A freshman art bootcamp offers much more than the development of craft. It becomes a space for community, and in turn, transforms the nature of a creative practice.

There were twenty-four of us in the Workshop for Art Research and Practice. At WARP, a bootcamp and brand new program for incoming freshmen to teach them contemporary art and ignite their practice, we were encouraged to pursue big ideas, take risks, and, at times, fail. We learned about the postmodernists, performance art, conceptual art, installation, neo-expressionism, and land art. The post-1970s art world—a phenomenon none of us had been previously exposed to—exploded into our classroom and became the obsession of our waking thoughts and dream lives.

We were handed smart readings and a list of three hundred living artists whose work we were expected to know by the end of the semester. We discovered the impossible sculpture of Sarah Sze and Louise Bourgeois’ seductive and frightening forms. We learned about artists like Joseph Beuys, David Hammons, and Andrea Zittel, who broadened our understanding regarding the role of the artist. We watched John Berger’s Ways of Seeing, and made performances, sculpture, self-portraits, and public art. Assignments were always conceptual, and it was our work to think deeply about them and respond.

We stayed up all night in the studio together, not out of fear or obligation but because we loved working alongside one another. One student installed a twenty-foot replica of Optimus Prime in the courtyard. Another group organized a Situationist-like happening: six students in chef costumes jumped out of a white van and wrapped The Potato (a thirty-million-year-old ten-ton rock situated in the main campus square) in tin foil. The WARP bootcamp was notorious on campus, and any antics, WARP-initiated or not, would result in an immediate phone call to Sean and Bethany, our professors, at least a few times a semester.

Not all projects were performative or funny. Many of the works were deep, thoughtful, and revealing of the maker. I remember a beautiful final sculpture made by a friend: a small rusted house filled with wax. Another project, a series of love letters, each mailed in increasingly small envelopes, created an uncertainty regarding whether they would navigate the postal machines and arrive intact to their intended recipient.

We made ourselves vulnerable in front of each other and were, for the first time, treated seriously as artists.

And then a few weeks before our final class, our professor Sean stood up on a platform intended for nude models and offered another kind of reveal: “Your community, the artists and makers you meet and share your work with, will matter as much to you as your own art practice. They will be the reason you will continue if you find yourself stuck and they will be the ones to always show up at your openings, who truly understand and care about your work. Your community is everything.”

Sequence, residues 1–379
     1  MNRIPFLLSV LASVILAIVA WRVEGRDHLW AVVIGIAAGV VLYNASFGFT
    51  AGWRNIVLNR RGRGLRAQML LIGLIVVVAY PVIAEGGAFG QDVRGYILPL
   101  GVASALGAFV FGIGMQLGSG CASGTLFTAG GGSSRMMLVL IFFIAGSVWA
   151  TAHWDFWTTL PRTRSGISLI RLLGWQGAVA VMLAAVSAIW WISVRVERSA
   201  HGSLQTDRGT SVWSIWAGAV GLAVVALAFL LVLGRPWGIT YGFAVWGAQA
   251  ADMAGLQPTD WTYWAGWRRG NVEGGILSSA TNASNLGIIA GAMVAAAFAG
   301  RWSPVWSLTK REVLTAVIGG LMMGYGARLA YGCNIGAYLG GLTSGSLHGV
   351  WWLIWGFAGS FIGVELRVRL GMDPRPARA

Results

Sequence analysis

His sermon was prompted by one of our final readings, an essay by Dave Hickey titled “Romancing the Looky-Loos”. His words were, in fact, a kind of last lecture after an intense and life-changing semester. A beacon for our lives as makers and artists in college and, more importantly, beyond.

His words and the emotional nature of his sermon have stayed with me. I was nineteen and had never, until joining art school, felt I belonged to a community. After months spent with the same small cohort, sharing, critiquing, and championing one another’s work, the discovery that this was a community and I was a participant affected me.

Since this lecture, my creative practice has changed and, in turn, so has the shape of my community. But the ideas about participation, bearing witness to and championing each other, is an ideal I relentlessly pursue.

I’m incredibly grateful for the community I’ve found. I’ve met colleagues and friends who care deeply about the work they do, and even more about one another. It seems this ideal of participation, of showing up and championing each other, is already in the DNA of people who work on the web. For the next generation of practitioners, let belonging to and participating in a community not be a lesson to learn, but something entirely native to our profession.

Jennifer brook

Jennifer Brook is a designer based in Brooklyn, NY. Her work includes research, strategy, and design for media companies and startups, as well as speaking about design at conferences around the world. She teaches in SVA’s MFA in Interaction Design.

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Portrait by Richard Perez